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City calls for limited water use; what are restaurants supposed to do?

Written By Scott Joseph On October 3, 2022

Lift StationThe lift station at South Street and Mills Avenue is one of the facilities affected by a water-main break caused by Hurricane Ian.

Update: A spokeswoman for the city said that there is no directive for any restaurant to stop using water in a way that would negatively impact their business. the city asks only that all residents and businesses be more mindful of their water use during this critical period.

Like many other Central Florida businesses, Scott Joseph’s Orlando Restaurant Guide was closed for a few days during and following Hurricane Ian. We fared fairly well – a leaky roof; two separate power outages – but decided to suspend publication on the site and newsletter out of deference to those who were more severely impacted. Restaurant news and reviews, we determined, could wait a few days while things got back to normal.

But we begin this week with a new unnormal.

South Steel SJO March AD copy

The tremendous amount of rain that fell over the area has overwhelmed the city’s sewer system. Power outages and damage to wastewater treatment centers and lift stations have exacerbated the problem, sending sewage into lakes, backyards and into homes. It’s a potential health crisis. The Orlando Sentinel’s Kevin Spear has a very good explanation of the situation.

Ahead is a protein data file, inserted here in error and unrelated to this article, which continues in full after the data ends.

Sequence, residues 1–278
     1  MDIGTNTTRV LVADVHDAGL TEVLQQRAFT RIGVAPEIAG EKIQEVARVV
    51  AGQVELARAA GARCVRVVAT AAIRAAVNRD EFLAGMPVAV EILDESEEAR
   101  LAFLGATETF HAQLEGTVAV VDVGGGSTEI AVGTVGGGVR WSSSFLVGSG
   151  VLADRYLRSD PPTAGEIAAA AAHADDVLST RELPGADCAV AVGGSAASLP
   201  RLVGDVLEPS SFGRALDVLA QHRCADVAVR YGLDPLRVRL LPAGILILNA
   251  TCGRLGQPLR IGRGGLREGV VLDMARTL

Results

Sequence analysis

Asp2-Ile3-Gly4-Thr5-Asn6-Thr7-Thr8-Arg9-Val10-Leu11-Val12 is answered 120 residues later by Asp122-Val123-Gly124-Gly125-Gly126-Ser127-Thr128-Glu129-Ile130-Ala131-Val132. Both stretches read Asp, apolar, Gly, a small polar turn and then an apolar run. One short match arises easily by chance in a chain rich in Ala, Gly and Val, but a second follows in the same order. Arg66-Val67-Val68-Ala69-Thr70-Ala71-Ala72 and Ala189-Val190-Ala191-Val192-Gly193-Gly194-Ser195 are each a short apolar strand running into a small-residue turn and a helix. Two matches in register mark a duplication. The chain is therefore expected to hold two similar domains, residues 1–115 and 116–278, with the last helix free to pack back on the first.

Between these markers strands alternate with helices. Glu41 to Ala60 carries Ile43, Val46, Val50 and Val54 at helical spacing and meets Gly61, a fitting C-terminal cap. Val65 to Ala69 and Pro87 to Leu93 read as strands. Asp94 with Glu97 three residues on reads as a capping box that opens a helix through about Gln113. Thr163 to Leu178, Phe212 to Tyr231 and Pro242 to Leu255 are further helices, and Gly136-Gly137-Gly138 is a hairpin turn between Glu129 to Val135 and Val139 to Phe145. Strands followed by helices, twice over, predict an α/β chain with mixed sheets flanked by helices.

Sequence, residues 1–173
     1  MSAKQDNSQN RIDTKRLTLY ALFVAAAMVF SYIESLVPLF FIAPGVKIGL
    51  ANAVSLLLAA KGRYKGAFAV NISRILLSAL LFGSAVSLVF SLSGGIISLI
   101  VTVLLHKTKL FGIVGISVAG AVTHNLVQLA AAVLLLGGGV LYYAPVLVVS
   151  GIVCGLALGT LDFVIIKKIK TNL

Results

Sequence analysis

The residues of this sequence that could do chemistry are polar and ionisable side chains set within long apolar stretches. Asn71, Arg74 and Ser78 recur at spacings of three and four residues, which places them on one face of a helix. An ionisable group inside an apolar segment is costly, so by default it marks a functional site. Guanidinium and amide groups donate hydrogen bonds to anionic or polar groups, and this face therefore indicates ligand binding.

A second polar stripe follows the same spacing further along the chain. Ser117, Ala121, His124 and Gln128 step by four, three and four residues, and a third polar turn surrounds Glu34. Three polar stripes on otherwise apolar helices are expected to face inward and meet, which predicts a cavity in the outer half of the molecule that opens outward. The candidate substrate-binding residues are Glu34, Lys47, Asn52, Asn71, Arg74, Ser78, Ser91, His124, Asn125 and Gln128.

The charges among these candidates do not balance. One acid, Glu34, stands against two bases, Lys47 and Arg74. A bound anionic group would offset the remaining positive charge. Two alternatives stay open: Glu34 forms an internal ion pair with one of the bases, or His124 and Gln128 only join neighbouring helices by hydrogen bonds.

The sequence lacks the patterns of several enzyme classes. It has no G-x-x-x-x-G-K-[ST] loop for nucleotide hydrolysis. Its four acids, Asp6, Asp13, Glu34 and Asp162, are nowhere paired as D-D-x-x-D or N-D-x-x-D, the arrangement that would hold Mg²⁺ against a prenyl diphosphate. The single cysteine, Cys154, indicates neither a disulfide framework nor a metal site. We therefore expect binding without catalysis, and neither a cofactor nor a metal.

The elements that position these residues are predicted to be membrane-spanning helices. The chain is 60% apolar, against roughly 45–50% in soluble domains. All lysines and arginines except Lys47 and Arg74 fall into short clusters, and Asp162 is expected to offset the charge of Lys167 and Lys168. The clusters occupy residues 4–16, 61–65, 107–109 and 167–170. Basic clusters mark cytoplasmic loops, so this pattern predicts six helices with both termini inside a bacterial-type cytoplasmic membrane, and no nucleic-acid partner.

As a result, Orlando has asked residents and businesses to severely curtail the use of water, including limiting flushing toilets, taking showers, washing hands, doing laundry, washing dishes and watering lawns. A media advisory from the city estimated it may take a week for the situation to be resolved. There is nothing wrong with the quality of the tap water and the city has not issued a boil-water alert.

It’s a bit easier for a household to adhere to the advised restrictions. Anyone who has lived in the desert or in a drought area has heard the toilet advisory “If it’s yellow, let it mellow…” And even though we’ve been drilled over the past couple of years to wash our hands, often, for at least 20 seconds, we’ve all probably got plenty of hand sanitizer, um, on hand that we could use.

Not taking showers was easy during the pandemic when we were social distancing.

But how are restaurants expected to comply? They use a lot of water, necessarily so. Vigorous hand washing is not only advised, it’s the law. Produce and other ingredients have to be washed, too. Huge pots of water are used to cook vegetables and noodles and then discarded down the drain. Floors get hosed down. Dishwashers are constantly spraying water. Toilets must be flushed. Diners are routinely offered glasses of water that, if not consumed, are dumped down the drain.

A call to city hall requesting guidance for restaurants did not elicit an immediate response.

So what should restaurant owners do? Don’t skimp on hand washing; it’s vital to prevent foodborne contamination and disease.

Maybe switch to disposable plates and utensils. They’re not desirable ecologically, but let’s deal with one environmental disaster at a time.

Are there temporary adjustments to your menu that can be made to eliminate items that use a lot of water?

Provide drinking water to guests only on request, and have your staff tell them why. Most of your customers will appreciate your civic responsibility. And you may help educate them about their own role in helping to mitigate this problem.

We hope you find our reviews and news articles useful and entertaining. It has always been our goal to assist you in making informed decisions when spending your dining dollars. If we’ve helped you in any way, please consider making a contribution to help us continue our journalism. Thank you.

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